International Legal Studies News
Denver Law to Host Regional Conference of the American Branch of the International Law Association
January 11, 2013
On March 1st and 2nd, the International Legal Studies Program (ILSP) at Denver Law will host the western regional conference of the American Branch of the International Law Association (ABILA). This year’s conference on “International Law and Human Security in the 21st Century” will begin on Saturday March 2nd.
“Human Security” is a concept which is increasingly impacting economic, social and political policies. Yet, as one legal scholar notes: [d]espite its relevance to central questions of international law, human security has until very recently received little attention from international lawyers.” This year’s ILW-West Conference addresses the critical question: “What does “Human Security” mean for international law as the 21st Century progresses”? During this year’s ILW-West Conference, distinguished international law scholars and practitioners will discuss the importance and the role of “Human Security” as it relates to international environmental law, trade, human rights and international criminal law.
Participants include: Professor Ruth Wedgwood of Johns Hopkins University, current ABILA president; Professor David Akerson of the University of Denver Sturm College of Law; Professor Ronald A. Brand of the University of Pittsburgh School of Law; Professor Richard J. Finkmoore of California Western School of Law; Dr. Anita Halvorssen, consultant and Adjunct Professor of Law, University of Denver Sturm College of Law; Professor Robert Lutz, Southwestern Law School; Professor James A.R. Nafziger of Willamette University School of Law; Professor Ved P. Nanda of the University of Denver Sturm College of Law; Professor John Noyes of California Western School of Law; and Professor Annecoos Wiersema of the University of Denver Sturm College of Law.
The ABILA is part of the global International Law Association (ILA)—the preeminent international non-governmental organization involved in developing and restating international law. Currently, for example, the ILA has consultative status with a number of United Nations specialized agencies as an international non-governmental organization and plays a unique role in drafting treaties, resolutions, and other international instruments.
Internationally, the ABILA chooses and nominates committee members for the ILA to help prepare draft treaties and studies in collaboration with lawyers from other global branches of the ILA. Nationally, ABILA forms its own committees which advocate for particular positions on international legal issues. Additionally, the ABILA performs a variety of educational and professional services through its U.S. national and regional International Law Weekends (ILW), which generally draw 1000 to 2000 participants each year.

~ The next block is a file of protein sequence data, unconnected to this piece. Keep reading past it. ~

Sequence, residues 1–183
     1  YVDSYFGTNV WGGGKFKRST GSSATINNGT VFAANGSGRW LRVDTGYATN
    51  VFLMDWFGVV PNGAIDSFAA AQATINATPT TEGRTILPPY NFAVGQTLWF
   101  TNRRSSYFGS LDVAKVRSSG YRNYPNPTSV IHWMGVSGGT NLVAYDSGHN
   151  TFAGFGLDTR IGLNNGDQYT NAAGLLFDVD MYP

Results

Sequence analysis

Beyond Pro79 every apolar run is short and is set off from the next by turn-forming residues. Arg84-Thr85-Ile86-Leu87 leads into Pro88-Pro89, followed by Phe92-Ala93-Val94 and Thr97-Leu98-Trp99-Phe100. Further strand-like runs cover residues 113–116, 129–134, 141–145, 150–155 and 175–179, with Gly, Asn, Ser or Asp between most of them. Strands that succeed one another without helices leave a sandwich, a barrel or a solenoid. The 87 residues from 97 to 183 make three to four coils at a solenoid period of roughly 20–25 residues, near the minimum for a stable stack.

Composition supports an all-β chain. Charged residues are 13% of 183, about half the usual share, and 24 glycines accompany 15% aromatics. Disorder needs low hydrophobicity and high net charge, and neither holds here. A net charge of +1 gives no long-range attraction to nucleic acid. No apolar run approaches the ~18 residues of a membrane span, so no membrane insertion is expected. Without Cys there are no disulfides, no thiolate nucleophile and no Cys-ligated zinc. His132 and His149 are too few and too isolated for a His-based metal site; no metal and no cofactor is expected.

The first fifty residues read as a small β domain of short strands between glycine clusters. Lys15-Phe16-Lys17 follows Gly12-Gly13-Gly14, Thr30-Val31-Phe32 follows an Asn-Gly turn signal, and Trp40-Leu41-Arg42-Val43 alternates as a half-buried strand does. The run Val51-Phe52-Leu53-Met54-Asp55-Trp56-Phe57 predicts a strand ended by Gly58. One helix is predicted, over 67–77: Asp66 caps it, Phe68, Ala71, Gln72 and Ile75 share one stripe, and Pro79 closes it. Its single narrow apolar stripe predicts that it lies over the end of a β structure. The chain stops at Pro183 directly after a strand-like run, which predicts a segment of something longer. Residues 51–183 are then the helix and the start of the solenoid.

Denver Law to host Rocky Mountain Regional Rounds of Jessup International Law Moot, Feb. 15-17, 2013
January 11, 2013
For its third consecutive year, the International Legal Studies Program at Denver Law is hosting the Rocky Mountain Regional Rounds of the Philip C. Jessup International Law Moot Court Competition. Now in its 54th year, the Philip C. Jessup International Law Moot is the world’s largest moot court competition, with participants from over 550 law schools in more than 80 countries. The competition is a simulation of a fictional dispute between countries before the International Court of Justice, the judicial organ of the United Nations.
From February 15 thru 17, 2013, twenty one teams from around the country will travel to the Sturm College of Law to compete in a total of 51 regional rounds in the hopes that they will end up in the world finals in Washington, D.C. The topic this year involves global warming, environmental refugees, and international debt forgiveness issues.
We are still seeking individuals with expertise or interest in international law or appellate advocacy to judge rounds for the Moot. This is a great opportunity to meet pro bono service requirements, to reconnect with old friends and colleagues, and to network with other legal professionals in your field of practice. For more information, or if you wish to judge in the competition, please fill out this online survey or contact Karlyn K. Shorb at firstname.lastname@example.org or 303-871-6655.
Student Wafa Ben Hassine presents at SHARE Beirut Conference
January 11, 2013